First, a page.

When it comes to Pakistan cricket it would be hard to find any year in the past couple of decades that lacked big news. 2014, too, wasn’t an exception either.
It was a happening year.
There were plenty of lows like Pakistan’s early exit from the World Twenty20 Championship in Bangladesh. But there were also highs like the country’s first series triumph against Australia in 20 years.
Pakistan’s Test year began with a drawn series against Sri Lanka in the UAE. After a long, barren period, there were more Tests for Pakistan involving Sri Lanka this time in their own backyard. It turned out to be a forgettable trip for the Pakistanis who suffered a 2-0 whitewash in the Tests in Galle and Colombo in August.
It was in the fall of 2014 that Pakistan compensated for their early losses by producing what was their most convincing performance in the longest format of the game in recent years. The venue was the UAE and the opponents were Australia. Pakistan whipped the Aussies in both the Tests to record their first series win against them since 1994. That year, Pakistan won the three-Test series 1-0 at home. Since then, they had lost six and drawn one series against the Australians. In the backdrop of such a dismal record, Pakistan’s crushing wins in Dubai and Abu Dhabi were duly celebrated.
In Abu Dhabi, Pakistan destroyed the Aussies in the process of winning the second Test by 356 runs, their biggest-ever Test win in terms of runs. Their previous biggest was by 341 runs, against India in Karachi in 2006. During the series Pakistan’s batsmen scored nine hundreds, the most by any team in a two-match series. No other side has ever scored more than six tons in a two-Test series against a top-eight team.
Pakistan’s shining star during the series and in fact the entire Test year was veteran batsman Younis Khan. Criticised for his indifferent form, dropped from the ODI squad and almost facing a Test axe, Younis transformed himself into a run-machine. In 12 Tests in 2014, Younis amassed 1213 runs at 71.35 with six tons including a double hundred.
The other big success story for Pakistan in Tests was skipper Misbah-ul-Haq. Misbah’s piled up 882 runs at an average of 63 but it was his captaincy record that earned him global acclaim. Misbah surpassed legends Imran Khan and Javed Miandad as Pakistan’s most successful captain with 15 Test wins.
Then there was Sarfraz Ahmed, who could be voted as Pakistan’s cricketer of the year. The young stumper finally ended Pakistan’s wicket-keeping problem with a series of breathtaking knocks both in Tests and one-dayers. Sarfraz accumulated 882 runs at 67.54 from nine Tests and hit three hundreds.
Except for the series against Australia, Pakistan’s bowlers rarely made their presence felt during the year. Ace spinner Saeed Ajmal once again made the biggest headlines but for the wrong reason as he was suspended by the International Cricket Council (ICC) for an illegal bowling action. In Ajmal’s absence, spin twins Yasir Shah and Zulfiqar Babar were brought in and the duo grabbed the opportunity with both hands. Both finished the year with 27 wickets apiece. Junaid Khan with 18 wickets and Rahat Ali (17) and Ajmal (17) were the other most successful Pakistani bowlers in Tests.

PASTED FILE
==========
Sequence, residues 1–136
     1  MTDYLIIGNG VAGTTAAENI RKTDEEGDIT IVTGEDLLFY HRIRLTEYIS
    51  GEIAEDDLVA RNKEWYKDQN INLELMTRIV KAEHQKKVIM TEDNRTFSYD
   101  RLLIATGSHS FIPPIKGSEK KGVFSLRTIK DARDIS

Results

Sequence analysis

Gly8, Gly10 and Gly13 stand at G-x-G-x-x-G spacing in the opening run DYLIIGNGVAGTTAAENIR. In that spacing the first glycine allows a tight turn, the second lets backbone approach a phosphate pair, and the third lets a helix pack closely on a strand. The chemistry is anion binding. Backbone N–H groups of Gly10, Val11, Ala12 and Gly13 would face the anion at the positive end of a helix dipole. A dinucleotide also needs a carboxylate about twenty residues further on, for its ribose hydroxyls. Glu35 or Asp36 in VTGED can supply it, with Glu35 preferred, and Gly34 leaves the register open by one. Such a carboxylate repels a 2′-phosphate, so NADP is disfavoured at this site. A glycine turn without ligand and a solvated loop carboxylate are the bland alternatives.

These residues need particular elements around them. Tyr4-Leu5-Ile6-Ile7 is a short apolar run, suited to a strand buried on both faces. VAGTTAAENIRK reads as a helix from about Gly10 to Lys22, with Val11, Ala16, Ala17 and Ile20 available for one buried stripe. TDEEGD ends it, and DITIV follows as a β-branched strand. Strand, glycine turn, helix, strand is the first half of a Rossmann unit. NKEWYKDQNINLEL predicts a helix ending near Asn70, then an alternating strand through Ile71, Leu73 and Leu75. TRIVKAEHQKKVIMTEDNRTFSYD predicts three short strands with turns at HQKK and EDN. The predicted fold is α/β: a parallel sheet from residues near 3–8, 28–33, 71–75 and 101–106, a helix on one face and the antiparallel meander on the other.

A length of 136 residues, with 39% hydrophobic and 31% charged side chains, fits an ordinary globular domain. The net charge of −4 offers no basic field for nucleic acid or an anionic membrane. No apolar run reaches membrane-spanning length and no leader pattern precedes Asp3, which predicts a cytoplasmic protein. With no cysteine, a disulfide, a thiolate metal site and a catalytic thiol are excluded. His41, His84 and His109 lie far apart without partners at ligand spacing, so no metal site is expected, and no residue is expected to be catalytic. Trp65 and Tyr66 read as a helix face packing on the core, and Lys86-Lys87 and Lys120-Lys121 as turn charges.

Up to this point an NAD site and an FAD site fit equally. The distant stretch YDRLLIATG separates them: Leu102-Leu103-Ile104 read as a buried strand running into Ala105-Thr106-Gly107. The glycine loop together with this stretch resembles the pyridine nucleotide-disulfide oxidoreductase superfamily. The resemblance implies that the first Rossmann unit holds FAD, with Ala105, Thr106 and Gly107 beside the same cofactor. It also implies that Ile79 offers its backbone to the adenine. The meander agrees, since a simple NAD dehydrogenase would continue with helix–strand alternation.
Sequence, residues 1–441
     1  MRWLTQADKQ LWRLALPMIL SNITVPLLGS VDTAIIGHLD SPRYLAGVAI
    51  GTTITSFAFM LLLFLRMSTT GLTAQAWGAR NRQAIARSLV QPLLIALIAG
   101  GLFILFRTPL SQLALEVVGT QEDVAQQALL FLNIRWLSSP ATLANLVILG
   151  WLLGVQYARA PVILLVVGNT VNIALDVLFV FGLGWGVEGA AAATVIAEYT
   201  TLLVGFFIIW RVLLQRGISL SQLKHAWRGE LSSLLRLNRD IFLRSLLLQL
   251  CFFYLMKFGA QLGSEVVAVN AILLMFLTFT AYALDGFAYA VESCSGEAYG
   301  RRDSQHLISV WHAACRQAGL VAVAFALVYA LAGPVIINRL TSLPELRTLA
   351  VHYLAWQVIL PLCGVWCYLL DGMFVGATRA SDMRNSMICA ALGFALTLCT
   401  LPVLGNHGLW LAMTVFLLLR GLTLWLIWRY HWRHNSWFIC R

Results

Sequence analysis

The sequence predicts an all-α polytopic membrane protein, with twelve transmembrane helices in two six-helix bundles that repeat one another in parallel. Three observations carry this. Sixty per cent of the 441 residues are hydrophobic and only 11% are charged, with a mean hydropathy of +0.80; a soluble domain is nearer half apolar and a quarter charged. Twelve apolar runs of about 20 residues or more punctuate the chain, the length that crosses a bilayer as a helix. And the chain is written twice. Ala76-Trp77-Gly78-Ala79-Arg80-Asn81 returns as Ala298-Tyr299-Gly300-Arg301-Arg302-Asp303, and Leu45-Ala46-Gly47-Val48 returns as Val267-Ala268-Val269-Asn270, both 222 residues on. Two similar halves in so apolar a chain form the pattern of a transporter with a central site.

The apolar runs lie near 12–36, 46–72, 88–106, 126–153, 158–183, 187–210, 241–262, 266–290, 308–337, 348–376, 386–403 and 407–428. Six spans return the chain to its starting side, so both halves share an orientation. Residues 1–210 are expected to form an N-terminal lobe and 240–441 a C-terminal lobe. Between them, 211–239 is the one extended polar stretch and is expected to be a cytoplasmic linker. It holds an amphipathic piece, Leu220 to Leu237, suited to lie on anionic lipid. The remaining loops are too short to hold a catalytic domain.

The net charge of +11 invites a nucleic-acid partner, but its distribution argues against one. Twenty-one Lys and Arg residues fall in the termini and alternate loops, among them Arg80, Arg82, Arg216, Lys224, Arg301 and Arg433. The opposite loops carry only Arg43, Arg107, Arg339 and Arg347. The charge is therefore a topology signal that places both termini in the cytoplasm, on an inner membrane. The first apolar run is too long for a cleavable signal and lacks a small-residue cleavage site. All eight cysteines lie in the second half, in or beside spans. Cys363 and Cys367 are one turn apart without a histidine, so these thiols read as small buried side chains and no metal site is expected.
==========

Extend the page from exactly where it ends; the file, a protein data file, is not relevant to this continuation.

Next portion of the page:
Pakistan’s ODI year was even more forgettable. They played 16 games in 2014 and managed to win just six including two against minnows Bangladesh and Afghanistan. Pakistan did reach the Asia Cup final thanks to back-to-back match-winning innings by Shahid Afridi but lost to Sri Lanka in the finale. They suffered series defeats against Sri Lanka, Australia and New Zealand and the spate of losses were certainly a big cause of concern for the team officials ahead of next year’s World Cup.
Afridi emerged as one of Pakistan’s most valuable players as he was their highest wicket-taker with 16 scalps at 41.56 at an economy rate of 4.62. The seasoned all-rounder was also the third highest run-getter for the team having scored 354 at 27.33. Opener Ahmed Shehzad was the top run-getter in ODIs with 629 runs at 39.31 followed by Umar Akmal (362 at 32.90). In terms of average, Fawad Alam who played half of Pakistan’s 16 matches in 2014, was the most successful batsman with 345 runs at 69. He was followed by Sarfraz Ahmed with 254 runs at 36.28.
Pakistan were largely unimpressive in the T20 format as well. They played seven matches and lost four of them. Their biggest T20 defeat of the year came against the West Indies in a World Twenty20 game in Dhaka. The 84-run loss threw Pakistan out of the title race. It was the first since the inception of the tournament that Pakistan failed to reach the last four. Later, Mohammad Hafeez stepped down as Pakistan’s T20 captain and was replaced by Afridi.
Meanwhile, during the best part of the year, Pakistan cricket experienced its very own Game of Thrones in the form of a power tussle involving Zaka Ashraf and Najam Sethi. In the end, it was neither Ashraf nor Sethi who claimed the throne but Shaharyar Khan, who managed to get a second innings as chairman of the Pakistan Cricket Board (PCB).
A separate Game of Thrones over the national ODI team’s captaincy remained inconclusive at the end of the year with ample suspense on the question as to who will captain Pakistan at World Cup 2015 to be co-hosted by Australia and New Zealand. The Board continues to back Misbah but a hamstring injury has raised some doubts. Afridi, who captained Pakistan in World Cup 2011, remains a strong contender. Whoever leads the team, one hopes that Pakistan will have a better year in 2015, something that they can guarantee with a strong showing in the World Cup.